James McAvoy takes on the irredeemable in perhaps the performance of his career in the film adaptation of Irvine Welsh's Filth.. Is it another Trainspotting? Or does it's over dependence on black comedy make it unlikeable? 411's Terry Lewis finds out!
James McAvoy - Bruce Robertson Shauna Macdonald - Carole Robertson Eddie Marsan - Clifford Blades Jamie Bell - Ray Lennox Imogen Poots - Amanda Drummond Emun Elliott - Peter Inglis John Sessions - Robert Toal Jim Broadbent - Dr. Rossi Shirley Henderson - Bunty Blades Martin Compston - Gorman
Note: Terry is reviewing from the Region 2 Blu-ray copy of the movie. Differences may vary per region
Scottish author Irvine Welsh made a big impact with his first novel Trainspotting but it's perhaps the critically acclaimed film adaptation that made him a semi-household name in the UK for people of a certain age. He's pretty much guaranteed to have a very healthy press and public attention whenever he rolls out another book over here. The few film adaptations are too and fellow Scot director Jon S. Baird (Cass) has a task on his hands translating the complex book onto the big screen in a rather dividing movie.
Set over the winter Christmas and New Year holiday period in Edinburgh, Filth sees us introduced to Bruce Robertson (James McAvoy, X-Men: Days Of Future Past), an amoral, Machiavellian, misanthropic, racist, sexist and psychotic Detective Sergeant with big ambitions to be promoted to Detective Inspector. He believes that winning this role in the Police will help him win back his wife Carole (Shauna Macdonald, The Descent. To help this he takes part in 'The Games' - various upstaging ploys against his fellow police officers. After the death of a Japanese student however, Bruce's mental state begins to shift massively.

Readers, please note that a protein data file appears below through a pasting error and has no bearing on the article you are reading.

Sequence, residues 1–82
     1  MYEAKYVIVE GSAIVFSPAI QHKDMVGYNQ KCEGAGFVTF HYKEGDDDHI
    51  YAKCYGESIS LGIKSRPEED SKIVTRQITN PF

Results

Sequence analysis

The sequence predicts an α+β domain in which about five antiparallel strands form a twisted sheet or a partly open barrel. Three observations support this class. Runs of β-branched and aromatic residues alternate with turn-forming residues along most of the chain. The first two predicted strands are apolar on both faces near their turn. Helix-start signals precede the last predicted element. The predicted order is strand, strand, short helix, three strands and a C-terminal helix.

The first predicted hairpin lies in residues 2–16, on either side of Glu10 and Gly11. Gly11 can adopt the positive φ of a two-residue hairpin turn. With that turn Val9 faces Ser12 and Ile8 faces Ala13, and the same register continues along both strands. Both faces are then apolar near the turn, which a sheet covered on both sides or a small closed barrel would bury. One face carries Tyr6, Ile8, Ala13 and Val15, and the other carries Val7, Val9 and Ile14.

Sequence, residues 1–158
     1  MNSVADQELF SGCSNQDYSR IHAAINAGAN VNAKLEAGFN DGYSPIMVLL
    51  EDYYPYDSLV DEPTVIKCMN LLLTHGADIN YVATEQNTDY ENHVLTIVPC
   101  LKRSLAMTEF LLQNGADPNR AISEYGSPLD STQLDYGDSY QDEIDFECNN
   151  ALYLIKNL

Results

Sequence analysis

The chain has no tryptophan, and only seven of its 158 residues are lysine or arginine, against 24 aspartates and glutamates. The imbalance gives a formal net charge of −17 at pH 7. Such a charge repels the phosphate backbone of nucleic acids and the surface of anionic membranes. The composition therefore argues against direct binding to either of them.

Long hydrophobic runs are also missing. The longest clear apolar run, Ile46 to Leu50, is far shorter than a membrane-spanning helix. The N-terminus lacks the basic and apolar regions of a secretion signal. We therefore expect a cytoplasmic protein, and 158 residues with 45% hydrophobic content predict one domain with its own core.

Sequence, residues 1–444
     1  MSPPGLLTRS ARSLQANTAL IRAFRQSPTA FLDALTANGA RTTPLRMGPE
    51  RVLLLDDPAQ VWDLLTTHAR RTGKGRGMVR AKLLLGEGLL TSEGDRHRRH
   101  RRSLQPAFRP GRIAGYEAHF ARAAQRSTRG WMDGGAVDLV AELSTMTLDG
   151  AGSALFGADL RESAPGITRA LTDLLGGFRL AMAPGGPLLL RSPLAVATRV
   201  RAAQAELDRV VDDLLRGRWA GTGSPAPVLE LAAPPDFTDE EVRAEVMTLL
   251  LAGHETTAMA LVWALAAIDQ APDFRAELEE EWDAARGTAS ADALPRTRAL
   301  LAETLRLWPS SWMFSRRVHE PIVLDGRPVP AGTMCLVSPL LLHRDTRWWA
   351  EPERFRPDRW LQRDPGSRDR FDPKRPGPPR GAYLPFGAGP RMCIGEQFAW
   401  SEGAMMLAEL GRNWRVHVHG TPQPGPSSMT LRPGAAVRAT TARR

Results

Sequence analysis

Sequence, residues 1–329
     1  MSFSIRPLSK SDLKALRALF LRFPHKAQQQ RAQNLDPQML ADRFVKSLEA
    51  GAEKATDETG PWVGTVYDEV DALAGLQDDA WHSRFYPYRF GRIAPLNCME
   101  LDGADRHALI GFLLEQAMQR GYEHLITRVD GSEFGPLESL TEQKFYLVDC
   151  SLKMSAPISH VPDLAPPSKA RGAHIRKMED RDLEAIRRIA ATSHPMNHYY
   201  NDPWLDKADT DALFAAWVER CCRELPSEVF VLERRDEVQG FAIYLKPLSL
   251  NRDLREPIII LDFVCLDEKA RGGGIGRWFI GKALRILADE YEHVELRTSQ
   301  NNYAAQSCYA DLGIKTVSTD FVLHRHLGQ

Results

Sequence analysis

Simply put, this is the role that McAvoy was born for. He seems very motivated in bringing Bruce to life in a conflicting role, as you can imagine a young Scottish actor on a Welsh book adaptation being. There's not much positive you can say about Bruce and yet, in his captivating performance, McAvoy manages to get across the slight air of redeemability Bruce needs to stop him from becoming totally unlikeable. Going from strength to strength as the film progress, the final scenes with a broken Bruce are probably some of the greatest moments of McAvoy's career so far with that finishing sick smile before the credits kicking being equally haunting.
As the film is all about Bruce for the most part, the rest of the characters swing in and out with little time to make an impact but that's not much of a worry since they're mainly archetypes. Imogen Poots (Need For Speed) plays herself AGAIN disappointingly and doesn't even put on a Scot accent, in a waste of a role as the closest to a moral compass on the police force. Jim Broadbent (Cloud Atlas) rips up the scenery of every moment he's in - both in the real world and Bruce's delusions - as Bruce's doctor. Eddie Marsan of The World's End has a memorable turn as Bruce's put upon and ill treated, unsure of himself freemason colleague and friend Clifford, as well as Jamie Bell continuing to shed his probably unshakable clean image from Billy Elliot as a cocaine snorting police colleague.